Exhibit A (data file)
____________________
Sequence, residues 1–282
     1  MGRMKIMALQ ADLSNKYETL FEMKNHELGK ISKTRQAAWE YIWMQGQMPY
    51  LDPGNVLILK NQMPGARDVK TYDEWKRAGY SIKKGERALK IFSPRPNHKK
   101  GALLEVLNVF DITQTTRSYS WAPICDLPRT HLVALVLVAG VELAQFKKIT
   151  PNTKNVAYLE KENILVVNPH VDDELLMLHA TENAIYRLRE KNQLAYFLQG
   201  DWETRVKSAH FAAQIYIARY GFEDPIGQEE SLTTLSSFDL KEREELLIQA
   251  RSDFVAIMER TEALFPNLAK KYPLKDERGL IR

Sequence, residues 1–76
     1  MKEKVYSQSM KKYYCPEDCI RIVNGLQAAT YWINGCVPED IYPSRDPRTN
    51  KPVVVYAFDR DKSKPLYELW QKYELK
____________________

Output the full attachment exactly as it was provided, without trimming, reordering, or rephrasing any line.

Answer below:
Sequence, residues 1–282
     1  MGRMKIMALQ ADLSNKYETL FEMKNHELGK ISKTRQAAWE YIWMQGQMPY
    51  LDPGNVLILK NQMPGARDVK TYDEWKRAGY SIKKGERALK IFSPRPNHKK
   101  GALLEVLNVF DITQTTRSYS WAPICDLPRT HLVALVLVAG VELAQFKKIT
   151  PNTKNVAYLE KENILVVNPH VDDELLMLHA TENAIYRLRE KNQLAYFLQG
   201  DWETRVKSAH FAAQIYIARY GFEDPIGQEE SLTTLSSFDL KEREELLIQA
   251  RSDFVAIMER TEALFPNLAK KYPLKDERGL IR

Sequence, residues 1–76
     1  MKEKVYSQSM KKYYCPEDCI RIVNGLQAAT YWINGCVPED IYPSRDPRTN
    51  KPVVVYAFDR DKSKPLYELW QKYELK